The first two chapters of this book have examined the tension between producing and not producing signs of Buraku identity. As we have seen, this tension both relies on and effects certain political subjects, ethical obligations, and relationships among people, things, the places they live, the families they inhabit, and the occupations they take up. Just as important in this process, however, is the content of those signs and exactly how they point out Buraku difference. It is not simply that signs of being Buraku have ceased to index. What they index—and how—has also shifted significantly over the...

    • FOUR A Sleeping Public: BURAKU POLITICS AND THE CULTIVATION OF HUMAN RIGHTS
      (pp. 121-150)

      On a Saturday morning in December 2005, Tomonaga Kenzō leaned into the microphone before him and lightly cleared his throat. The large, windowless auditorium in Osaka grew quiet as attention focused on the director of one of the foremost political organizations of the Buraku people. The director of the Buraku Liberation and Human Rights Research Institute (BLHRRI) offered these introductory words:

      I want to thank you all for making the time in your busy schedules to attend today’s symposium. We are gathered to witness an historical moment. The United Nations has recently recognized a new category of discrimination: Discrimination Based...

  9. PART THREE INTERNATIONAL STANDARDS AND THE POSSIBILITIES OF SOLIDARITY
    • FIVE Demanding a Standard: BURAKU POLITICS ON A GLOBAL STAGE
      (pp. 153-184)

      On a spring day in 2006, Professor Yozo Yokota called to order a meeting of some forty representatives of nongovernmental organizations (NGOs) from across the world. Representing over eleven different countries, from South and East Asia, Africa, and the Middle East, these representatives had gathered in Geneva to spend two days discussing the new United Nations (UN) category “Discrimination Based on Work and Descent.” Across those early March days, they would outline their strategies to combat this discrimination and, in some cases, share their own experiences of discrimination. Based on this information, and information gathered in a questionnaire circulated the...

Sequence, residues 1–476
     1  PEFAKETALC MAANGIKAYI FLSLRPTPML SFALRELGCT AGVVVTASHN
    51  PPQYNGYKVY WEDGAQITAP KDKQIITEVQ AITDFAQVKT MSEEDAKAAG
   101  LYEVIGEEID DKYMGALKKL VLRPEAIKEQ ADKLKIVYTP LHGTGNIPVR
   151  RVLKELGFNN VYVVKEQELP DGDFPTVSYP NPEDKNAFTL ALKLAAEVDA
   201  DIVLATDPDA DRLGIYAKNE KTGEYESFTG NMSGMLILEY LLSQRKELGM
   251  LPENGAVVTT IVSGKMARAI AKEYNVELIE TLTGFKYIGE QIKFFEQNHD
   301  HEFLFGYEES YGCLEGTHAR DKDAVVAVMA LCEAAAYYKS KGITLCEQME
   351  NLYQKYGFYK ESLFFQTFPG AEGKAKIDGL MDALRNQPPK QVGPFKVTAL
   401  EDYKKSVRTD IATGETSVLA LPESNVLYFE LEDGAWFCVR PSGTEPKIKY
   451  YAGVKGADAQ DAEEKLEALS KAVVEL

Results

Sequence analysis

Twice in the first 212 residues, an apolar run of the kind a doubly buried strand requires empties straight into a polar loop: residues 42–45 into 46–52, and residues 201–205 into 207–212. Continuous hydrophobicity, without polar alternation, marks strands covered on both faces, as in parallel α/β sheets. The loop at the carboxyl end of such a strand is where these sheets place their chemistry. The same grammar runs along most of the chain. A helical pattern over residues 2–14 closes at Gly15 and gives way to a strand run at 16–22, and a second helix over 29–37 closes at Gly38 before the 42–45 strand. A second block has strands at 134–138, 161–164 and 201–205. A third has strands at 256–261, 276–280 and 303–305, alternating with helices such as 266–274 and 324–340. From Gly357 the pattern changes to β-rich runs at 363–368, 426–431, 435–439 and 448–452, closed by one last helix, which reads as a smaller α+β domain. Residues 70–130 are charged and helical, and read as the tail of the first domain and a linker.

• SIX Wounded Futures: PROSPECTS OF TRANSNATIONAL SOLIDARITY
      (pp. 185-214)

      When I was in junior high school, I first learned that I was Burakumin when kids made fun of me. When I was in high school, some of my classmates refused to hang out with me or date me. Now I work with the Tokyo Liberation League.

      I am originally from Tsuruoka city, in Japan. I live in Adachi, Tokyo. I first learned that I was Buraku when I was twenty. When I was in high school, my parents wouldn’t talk about it. My friends explained it to me. I work with the Buraku Liberation League.

      I was born in...

  10. Conclusion: THE DISCIPLINES OF MULTICULTURALISM
    (pp. 215-236)

    Across this book I have endeavored to show the labor that goes into producing a multicultural Japan. This labor is multiply productive: it calls on certain people and practices to serve as evidence in this argument, and it makes demands on the people, organizations, and nations who undertake it. It also opens up avenues of action that exceed its own demands. The first section of this book demonstrated the stakes in producing, or not, signs of Buraku difference. The second lingered on the particular ways in which Buraku difference is signaled and the work required to marshal an audience for...

  11. Epilogue: TEXAS TO JAPAN, AND BACK
    (pp. 237-240)

    In June 2005 Uchizawa Junko, the freelance illustrator and writer I mentioned in chapter 6, came to Lubbock, Texas, to tour ranching and slaughtering facilities. At the time I was a graduate student living in Chicago, finishing my oral exams and preparing for fieldwork. I had only corresponded with Junko via e-mail. We had been introduced electronically by a mutual friend, Kadooka Nobuhiko, another freelance journalist who makes occasional appearances throughout this book. Junko was working on a book detailing the meat production process in countries across the world. Her aim in this project was to provide a Japanese-reading audience...

  12. NOTES
    (pp. 241-256)
  13. REFERENCES
    (pp. 257-272)
  14. INDEX
    (pp. 273-277)